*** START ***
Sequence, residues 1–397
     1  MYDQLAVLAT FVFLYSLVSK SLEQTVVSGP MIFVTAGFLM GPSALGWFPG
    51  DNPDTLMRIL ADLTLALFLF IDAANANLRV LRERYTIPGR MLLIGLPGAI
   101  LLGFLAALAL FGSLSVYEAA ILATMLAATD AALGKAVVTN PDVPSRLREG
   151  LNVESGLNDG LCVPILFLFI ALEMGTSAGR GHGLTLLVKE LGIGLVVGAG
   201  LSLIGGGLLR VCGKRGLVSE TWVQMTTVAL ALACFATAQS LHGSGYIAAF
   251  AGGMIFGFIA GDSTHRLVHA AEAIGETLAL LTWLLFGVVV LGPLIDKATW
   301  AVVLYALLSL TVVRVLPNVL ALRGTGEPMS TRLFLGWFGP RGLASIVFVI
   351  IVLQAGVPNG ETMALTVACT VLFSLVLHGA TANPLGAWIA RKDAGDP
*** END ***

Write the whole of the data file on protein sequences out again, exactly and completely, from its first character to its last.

Sequence, residues 1–397
     1  MYDQLAVLAT FVFLYSLVSK SLEQTVVSGP MIFVTAGFLM GPSALGWFPG
    51  DNPDTLMRIL ADLTLALFLF IDAANANLRV LRERYTIPGR MLLIGLPGAI
   101  LLGFLAALAL FGSLSVYEAA ILATMLAATD AALGKAVVTN PDVPSRLREG
   151  LNVESGLNDG LCVPILFLFI ALEMGTSAGR GHGLTLLVKE LGIGLVVGAG
   201  LSLIGGGLLR VCGKRGLVSE TWVQMTTVAL ALACFATAQS LHGSGYIAAF
   251  AGGMIFGFIA GDSTHRLVHA AEAIGETLAL LTWLLFGVVV LGPLIDKATW
   301  AVVLYALLSL TVVRVLPNVL ALRGTGEPMS TRLFLGWFGP RGLASIVFVI
   351  IVLQAGVPNG ETMALTVACT VLFSLVLHGA TANPLGAWIA RKDAGDP